Blame the student stories stopped on our walks that day. My students weren’t perfect but they were all the materials I had. I couldn’t do my job without them. In my head there was a new rule – the students are the stuff with which you work. You can’t blame them. If they don’t learn, you haven’t taught well enough. To follow that rule was hard.
My colleagues thought I had become an “idealist” – a polite way of saying, “patsy”. They knew that so many outside things caused student failure – high schools, the media, computer games, and all the other flotsam of ignorance – it was beyond their control. By taking responsibility for all those failures wouldn’t I doom myself to flagellation?
At first, it wasn’t so bad. I organized past data on grade distributions by topics, assignments and schedules. Performance always went down in the seventh and eighth weeks of the semester no matter what I did. Investigating assignments I found learning failures caused by my mistaken assumptions.
Unease developed as I got deeper into the details. Students dropped more often; hostility grew in the classroom. It came to a head one day when Tony bristled into my office. He was just the kind of student – always curious and fermenting with ideas and questions – that delighted me.
Tony said, “I can see what you are trying to do. We need skills and practice. “But,” he stared at the floor to hide the embers in his eyes, “does it have to be so awful? Can’t we ever feel good? Must we always hear about mistakes?”
My ready answers – learning is hard, the early stages confuse, and you have to practice even when you hate it -- stuck in my throat. A fine student was miserable and something was wrong. As we argued, I began to see my mistake.
Learning for me was about disciplined practice and correcting mistakes. But Tony saw learning as curiosity, questions, and triumphant answers. My version had no emotions to mush things up. Tony thought it was drab and joyless; based on fear and shame. Tony’s version could keep him working for hours. My version made it hard to even get started.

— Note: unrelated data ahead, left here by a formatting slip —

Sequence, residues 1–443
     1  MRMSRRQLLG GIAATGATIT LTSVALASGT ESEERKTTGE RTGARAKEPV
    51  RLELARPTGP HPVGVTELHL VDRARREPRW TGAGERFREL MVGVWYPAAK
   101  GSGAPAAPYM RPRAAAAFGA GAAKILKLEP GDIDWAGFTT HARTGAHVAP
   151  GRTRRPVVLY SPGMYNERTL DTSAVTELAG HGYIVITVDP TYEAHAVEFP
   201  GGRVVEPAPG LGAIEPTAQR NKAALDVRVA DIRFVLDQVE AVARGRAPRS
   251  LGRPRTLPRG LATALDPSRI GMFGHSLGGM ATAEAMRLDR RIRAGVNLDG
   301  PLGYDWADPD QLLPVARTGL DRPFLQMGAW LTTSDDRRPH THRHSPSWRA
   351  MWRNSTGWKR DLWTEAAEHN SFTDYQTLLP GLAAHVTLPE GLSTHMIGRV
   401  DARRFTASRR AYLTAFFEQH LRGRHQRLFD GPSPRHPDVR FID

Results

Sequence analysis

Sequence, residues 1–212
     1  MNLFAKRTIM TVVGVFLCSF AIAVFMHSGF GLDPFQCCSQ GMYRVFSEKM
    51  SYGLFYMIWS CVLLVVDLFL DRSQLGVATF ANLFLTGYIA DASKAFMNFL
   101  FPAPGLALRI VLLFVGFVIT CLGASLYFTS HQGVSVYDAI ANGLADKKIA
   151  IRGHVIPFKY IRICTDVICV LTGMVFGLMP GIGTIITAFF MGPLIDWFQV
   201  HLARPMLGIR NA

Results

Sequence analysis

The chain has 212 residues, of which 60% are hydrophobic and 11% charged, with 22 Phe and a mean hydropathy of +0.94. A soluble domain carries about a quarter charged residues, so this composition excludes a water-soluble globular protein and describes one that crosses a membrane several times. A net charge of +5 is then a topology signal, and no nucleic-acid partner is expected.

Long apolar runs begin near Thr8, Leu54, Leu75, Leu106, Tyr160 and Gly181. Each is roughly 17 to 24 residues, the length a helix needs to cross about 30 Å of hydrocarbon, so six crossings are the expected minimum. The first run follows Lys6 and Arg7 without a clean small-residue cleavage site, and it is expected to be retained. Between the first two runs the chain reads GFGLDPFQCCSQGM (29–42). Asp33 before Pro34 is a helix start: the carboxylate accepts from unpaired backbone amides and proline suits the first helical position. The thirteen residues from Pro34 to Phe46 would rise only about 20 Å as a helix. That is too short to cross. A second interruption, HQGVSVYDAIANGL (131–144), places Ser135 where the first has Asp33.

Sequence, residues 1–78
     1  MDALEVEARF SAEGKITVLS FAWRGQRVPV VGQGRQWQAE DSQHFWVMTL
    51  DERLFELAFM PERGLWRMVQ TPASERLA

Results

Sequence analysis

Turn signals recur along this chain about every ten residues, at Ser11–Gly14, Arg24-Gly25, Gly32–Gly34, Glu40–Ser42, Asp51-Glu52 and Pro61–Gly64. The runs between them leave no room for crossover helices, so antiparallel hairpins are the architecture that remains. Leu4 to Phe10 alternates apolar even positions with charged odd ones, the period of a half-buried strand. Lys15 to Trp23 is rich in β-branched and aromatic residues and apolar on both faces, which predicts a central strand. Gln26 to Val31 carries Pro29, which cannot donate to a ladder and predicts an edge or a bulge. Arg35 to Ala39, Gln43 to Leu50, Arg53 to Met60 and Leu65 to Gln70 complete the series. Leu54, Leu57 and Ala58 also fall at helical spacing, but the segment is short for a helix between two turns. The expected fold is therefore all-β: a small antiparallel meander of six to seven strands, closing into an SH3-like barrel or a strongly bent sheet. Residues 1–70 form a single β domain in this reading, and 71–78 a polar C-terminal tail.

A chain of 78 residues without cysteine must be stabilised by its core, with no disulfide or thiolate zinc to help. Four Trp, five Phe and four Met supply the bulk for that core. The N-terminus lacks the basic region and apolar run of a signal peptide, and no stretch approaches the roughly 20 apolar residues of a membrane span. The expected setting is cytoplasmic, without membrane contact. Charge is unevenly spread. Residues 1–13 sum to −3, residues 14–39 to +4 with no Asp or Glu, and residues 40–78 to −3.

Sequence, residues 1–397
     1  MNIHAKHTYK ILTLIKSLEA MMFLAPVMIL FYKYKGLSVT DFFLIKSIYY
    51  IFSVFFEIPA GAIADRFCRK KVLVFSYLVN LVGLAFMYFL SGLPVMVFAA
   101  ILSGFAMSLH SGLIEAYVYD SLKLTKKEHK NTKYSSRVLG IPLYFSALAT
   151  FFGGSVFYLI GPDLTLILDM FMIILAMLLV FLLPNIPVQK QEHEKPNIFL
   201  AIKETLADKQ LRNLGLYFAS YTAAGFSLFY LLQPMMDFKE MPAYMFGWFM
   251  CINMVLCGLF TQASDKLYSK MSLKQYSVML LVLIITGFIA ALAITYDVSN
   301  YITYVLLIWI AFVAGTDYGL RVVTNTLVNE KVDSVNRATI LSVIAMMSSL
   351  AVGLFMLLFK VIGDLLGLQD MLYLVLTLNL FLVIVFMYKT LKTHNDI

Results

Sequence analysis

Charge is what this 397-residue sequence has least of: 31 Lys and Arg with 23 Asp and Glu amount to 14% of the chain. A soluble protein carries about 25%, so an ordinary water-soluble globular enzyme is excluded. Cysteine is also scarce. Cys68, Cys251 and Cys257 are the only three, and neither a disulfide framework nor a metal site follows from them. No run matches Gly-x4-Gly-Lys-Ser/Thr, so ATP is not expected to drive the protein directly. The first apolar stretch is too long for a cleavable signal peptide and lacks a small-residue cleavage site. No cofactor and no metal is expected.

Mistakes are mistakes, I told myself, but that didn’t alleviate the gloom of failure. I remembered my infant son determined to walk and falling down, getting up and falling down; sometimes crying and sometimes smiling as he swayed upright. What could drive that relentless resolve to learn but desire? All learning, I began to see, was ignited by emotions. Without them, classrooms were barren.
That insight forced me to see students not as deficits, but as knowing people with potentials that I could not imagine. As a result, my courses did not get easier for me or the students; but they ignited with energy and occasional bursts of joy.
The great teacher of basketball, John Wooden, once said you aren’t a loser until you blame others. I thought that was a moral judgment. It wasn’t. Wooden meant that if you blame others you can’t learn. And I would add if you can’t learn you cannot teach.
Larry D. Spence is a learning innovation consultant at the Smeal College of Business of Pennsylvania State University.